Like others, I was stunned Wednesday morning when I read Mike Allen, exclamation point and all, reporting that President Obama was planning to appoint UN Ambassador Susan Rice as his national security adviser and nominate Samantha Power as his next UN ambassador.
Allen reported both the facts, and some of the speculation on the reasons for the president's choices, writing that perhaps Tom Donilon was uncomfortable continuing as national security adviser now that he reported to a former underling, Denis McDonough, the president's chief of staff.
In other media, I read that perhaps Rice's appointment was her reward for withdrawing from consideration as Secretary of State. To be expected, many articles noted the close personal relationship both Rice and Power have with President Obama, confirmed Thursday by what I thought was an amazing picture: Power, Rice and Obama with their arms around each other, while Donilon walked alongside, separate and certainly not equal.
After I got past the inside baseball, I started thinking about the broader ramifications of these two appointments for American women's advancement into political leadership.
Yes, and I cheer for this one, two women have just been appointed simultaneously to important foreign policy positions. That may never have happened before in U.S. history. That's a great new step for American women.
However, besides this, does this one-two punch have any import for those of us whose BMF isn't President Obama? (In this respect, Rice and Power fall right in line in an age-old, male political tradition: that is of all equally-well-qualified prospective political appointees not getting equal consideration when one's BMF sits in the decision making chair.)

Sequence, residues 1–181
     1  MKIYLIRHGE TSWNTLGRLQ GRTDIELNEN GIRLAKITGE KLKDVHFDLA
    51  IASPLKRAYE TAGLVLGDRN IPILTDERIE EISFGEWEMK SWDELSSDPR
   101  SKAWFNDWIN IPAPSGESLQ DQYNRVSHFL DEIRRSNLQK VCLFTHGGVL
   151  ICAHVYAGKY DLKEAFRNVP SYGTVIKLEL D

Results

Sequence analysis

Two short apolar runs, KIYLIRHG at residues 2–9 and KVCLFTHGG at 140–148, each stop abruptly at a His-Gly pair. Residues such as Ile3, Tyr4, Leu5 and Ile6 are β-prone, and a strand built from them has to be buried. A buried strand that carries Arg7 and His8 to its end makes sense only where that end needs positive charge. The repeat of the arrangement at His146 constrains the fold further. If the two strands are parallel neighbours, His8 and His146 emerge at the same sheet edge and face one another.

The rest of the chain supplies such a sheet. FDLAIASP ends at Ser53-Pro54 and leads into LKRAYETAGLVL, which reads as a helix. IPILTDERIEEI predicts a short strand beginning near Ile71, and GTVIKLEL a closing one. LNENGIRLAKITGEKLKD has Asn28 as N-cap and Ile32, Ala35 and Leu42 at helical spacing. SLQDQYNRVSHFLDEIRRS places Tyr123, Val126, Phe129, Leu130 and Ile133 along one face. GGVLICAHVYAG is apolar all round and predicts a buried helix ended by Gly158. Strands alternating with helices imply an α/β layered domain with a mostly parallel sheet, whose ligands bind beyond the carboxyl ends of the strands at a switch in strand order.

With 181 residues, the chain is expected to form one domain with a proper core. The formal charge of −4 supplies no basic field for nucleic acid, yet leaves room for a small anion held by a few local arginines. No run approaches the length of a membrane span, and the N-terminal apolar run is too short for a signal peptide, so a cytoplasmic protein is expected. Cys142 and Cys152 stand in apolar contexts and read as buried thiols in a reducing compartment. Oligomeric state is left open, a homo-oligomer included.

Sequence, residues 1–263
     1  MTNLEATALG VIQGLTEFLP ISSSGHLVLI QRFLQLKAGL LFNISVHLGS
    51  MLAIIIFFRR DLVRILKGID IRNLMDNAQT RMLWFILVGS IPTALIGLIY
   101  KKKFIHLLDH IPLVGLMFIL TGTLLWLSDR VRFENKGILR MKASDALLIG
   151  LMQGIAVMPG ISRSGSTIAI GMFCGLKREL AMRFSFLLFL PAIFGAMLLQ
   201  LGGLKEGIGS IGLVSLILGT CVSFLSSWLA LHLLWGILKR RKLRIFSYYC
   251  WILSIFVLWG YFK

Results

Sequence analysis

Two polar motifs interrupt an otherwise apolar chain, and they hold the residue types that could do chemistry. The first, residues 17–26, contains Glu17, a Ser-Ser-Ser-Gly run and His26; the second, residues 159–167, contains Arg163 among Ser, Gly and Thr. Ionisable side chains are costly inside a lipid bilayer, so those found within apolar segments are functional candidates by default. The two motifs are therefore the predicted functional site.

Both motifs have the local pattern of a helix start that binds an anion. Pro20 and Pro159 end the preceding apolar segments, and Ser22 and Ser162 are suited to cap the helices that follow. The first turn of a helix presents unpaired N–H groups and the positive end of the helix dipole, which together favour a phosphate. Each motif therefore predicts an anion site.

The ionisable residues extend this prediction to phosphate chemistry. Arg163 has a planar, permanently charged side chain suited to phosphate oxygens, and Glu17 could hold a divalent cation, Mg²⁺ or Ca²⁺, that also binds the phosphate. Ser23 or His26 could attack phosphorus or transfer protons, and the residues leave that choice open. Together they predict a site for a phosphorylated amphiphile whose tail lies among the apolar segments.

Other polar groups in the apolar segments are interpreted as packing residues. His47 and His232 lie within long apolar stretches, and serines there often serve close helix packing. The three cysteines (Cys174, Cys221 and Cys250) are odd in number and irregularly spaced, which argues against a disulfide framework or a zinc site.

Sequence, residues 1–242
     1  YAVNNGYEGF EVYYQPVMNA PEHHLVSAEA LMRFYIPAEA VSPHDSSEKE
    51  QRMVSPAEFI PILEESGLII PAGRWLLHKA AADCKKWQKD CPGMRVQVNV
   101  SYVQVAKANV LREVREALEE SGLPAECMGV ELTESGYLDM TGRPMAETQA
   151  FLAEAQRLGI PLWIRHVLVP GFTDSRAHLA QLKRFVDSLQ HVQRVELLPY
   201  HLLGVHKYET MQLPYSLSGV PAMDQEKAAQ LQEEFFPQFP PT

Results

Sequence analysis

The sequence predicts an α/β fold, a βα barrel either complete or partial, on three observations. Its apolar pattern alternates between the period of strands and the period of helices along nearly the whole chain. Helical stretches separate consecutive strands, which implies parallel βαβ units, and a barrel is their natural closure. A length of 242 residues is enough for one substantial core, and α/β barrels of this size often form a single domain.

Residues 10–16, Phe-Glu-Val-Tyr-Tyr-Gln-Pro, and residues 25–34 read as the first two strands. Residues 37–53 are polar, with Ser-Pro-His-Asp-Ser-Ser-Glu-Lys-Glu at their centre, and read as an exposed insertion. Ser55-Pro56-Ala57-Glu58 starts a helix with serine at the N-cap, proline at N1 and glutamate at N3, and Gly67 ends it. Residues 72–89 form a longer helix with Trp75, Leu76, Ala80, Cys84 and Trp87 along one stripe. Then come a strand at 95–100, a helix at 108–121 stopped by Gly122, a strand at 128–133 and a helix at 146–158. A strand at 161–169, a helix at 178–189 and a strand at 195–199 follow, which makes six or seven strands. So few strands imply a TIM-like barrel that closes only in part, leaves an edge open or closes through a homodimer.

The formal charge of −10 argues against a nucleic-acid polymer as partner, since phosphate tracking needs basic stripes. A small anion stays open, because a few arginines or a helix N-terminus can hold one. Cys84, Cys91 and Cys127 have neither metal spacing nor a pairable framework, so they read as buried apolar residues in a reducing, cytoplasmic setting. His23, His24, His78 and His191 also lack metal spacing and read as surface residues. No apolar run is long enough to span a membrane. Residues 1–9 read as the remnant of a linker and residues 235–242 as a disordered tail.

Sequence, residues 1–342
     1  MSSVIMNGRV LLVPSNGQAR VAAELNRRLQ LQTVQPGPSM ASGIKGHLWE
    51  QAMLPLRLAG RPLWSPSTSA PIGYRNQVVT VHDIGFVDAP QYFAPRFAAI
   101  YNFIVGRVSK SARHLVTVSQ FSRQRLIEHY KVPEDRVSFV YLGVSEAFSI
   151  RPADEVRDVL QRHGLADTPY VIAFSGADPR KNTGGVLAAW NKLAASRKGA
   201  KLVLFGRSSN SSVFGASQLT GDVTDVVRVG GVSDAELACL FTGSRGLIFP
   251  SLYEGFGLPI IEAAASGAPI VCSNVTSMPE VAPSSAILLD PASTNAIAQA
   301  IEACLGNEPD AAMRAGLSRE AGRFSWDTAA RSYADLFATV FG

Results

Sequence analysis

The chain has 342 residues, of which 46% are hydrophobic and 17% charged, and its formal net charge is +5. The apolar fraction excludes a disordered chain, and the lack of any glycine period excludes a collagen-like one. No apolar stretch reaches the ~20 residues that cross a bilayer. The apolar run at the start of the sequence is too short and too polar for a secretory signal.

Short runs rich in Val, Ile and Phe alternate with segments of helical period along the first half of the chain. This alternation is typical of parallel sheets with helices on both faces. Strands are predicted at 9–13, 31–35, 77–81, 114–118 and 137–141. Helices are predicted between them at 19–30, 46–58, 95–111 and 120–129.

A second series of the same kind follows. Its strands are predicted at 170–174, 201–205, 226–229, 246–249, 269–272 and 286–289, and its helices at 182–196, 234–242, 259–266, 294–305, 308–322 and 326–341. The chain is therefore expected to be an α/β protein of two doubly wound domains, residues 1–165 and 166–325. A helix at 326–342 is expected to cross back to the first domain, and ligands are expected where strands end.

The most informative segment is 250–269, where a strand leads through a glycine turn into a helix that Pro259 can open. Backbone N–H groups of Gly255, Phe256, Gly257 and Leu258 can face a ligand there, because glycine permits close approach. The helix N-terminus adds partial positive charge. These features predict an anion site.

Certainly, there is no news, considering Rice's and Power's professional and educational background. Both have superb academic and professional credentials you, too, could have, if you're lucky enough to have the cash or other good fortune to attend Ivy League schools, Stanford or Oxford.
Neither Rice nor Power is well-known because of her advocacy of women's rights, so no particular significance for women there, either.
Yet, I (still) conclude that there is a lot to be cheered for, as well as learned, from the making of these two appointments. This has to do with style, broadly construed to be style of campaigning as well as style of attire.
I was driven to the style context because, at the same time as I read about the Rice and Power appointments, I read a piece about how the "mom in tennis shoes," US senator Patty Murray (D., WA.), is now a US senate powerhouse.
Can you imagine Susan Rice or Samantha Powers willingly describing herself this way, though both are moms and, at least when (Power plays) tennis, she is in tennis shoes! I doubt it. I've never seen Rice with a hair out of place, much less wearing any sort of remotely informal attire; for her, it's suits, modest jewelry and what look to be low heels, in contrast to Power's sometimes choice. But, and stick with me here, Rice's style is still downright revolutionary.
As to Power, some consider her "hot," not an adjective typically used to describe a UN ambassador. (She was so hot one day -- for Barack Obama's election-- she called Hillary Clinton "a monster." ) But, I digress.